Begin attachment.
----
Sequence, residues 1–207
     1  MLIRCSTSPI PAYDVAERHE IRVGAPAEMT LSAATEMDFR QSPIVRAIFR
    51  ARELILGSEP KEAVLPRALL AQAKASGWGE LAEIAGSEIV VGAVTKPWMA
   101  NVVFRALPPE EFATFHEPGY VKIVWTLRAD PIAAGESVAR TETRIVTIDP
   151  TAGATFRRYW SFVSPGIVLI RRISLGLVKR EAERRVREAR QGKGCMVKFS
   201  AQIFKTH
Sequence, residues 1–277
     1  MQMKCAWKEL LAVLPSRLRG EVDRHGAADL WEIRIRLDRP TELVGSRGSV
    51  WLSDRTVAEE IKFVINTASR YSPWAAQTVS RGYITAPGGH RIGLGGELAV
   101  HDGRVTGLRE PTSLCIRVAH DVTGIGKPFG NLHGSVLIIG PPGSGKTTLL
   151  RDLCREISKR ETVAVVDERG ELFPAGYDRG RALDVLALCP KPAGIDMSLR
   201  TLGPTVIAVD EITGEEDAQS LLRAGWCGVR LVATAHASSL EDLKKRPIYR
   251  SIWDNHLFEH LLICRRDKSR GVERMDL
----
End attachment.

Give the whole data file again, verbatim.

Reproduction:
Sequence, residues 1–207
     1  MLIRCSTSPI PAYDVAERHE IRVGAPAEMT LSAATEMDFR QSPIVRAIFR
    51  ARELILGSEP KEAVLPRALL AQAKASGWGE LAEIAGSEIV VGAVTKPWMA
   101  NVVFRALPPE EFATFHEPGY VKIVWTLRAD PIAAGESVAR TETRIVTIDP
   151  TAGATFRRYW SFVSPGIVLI RRISLGLVKR EAERRVREAR QGKGCMVKFS
   201  AQIFKTH
Sequence, residues 1–277
     1  MQMKCAWKEL LAVLPSRLRG EVDRHGAADL WEIRIRLDRP TELVGSRGSV
    51  WLSDRTVAEE IKFVINTASR YSPWAAQTVS RGYITAPGGH RIGLGGELAV
   101  HDGRVTGLRE PTSLCIRVAH DVTGIGKPFG NLHGSVLIIG PPGSGKTTLL
   151  RDLCREISKR ETVAVVDERG ELFPAGYDRG RALDVLALCP KPAGIDMSLR
   201  TLGPTVIAVD EITGEEDAQS LLRAGWCGVR LVATAHASSL EDLKKRPIYR
   251  SIWDNHLFEH LLICRRDKSR GVERMDL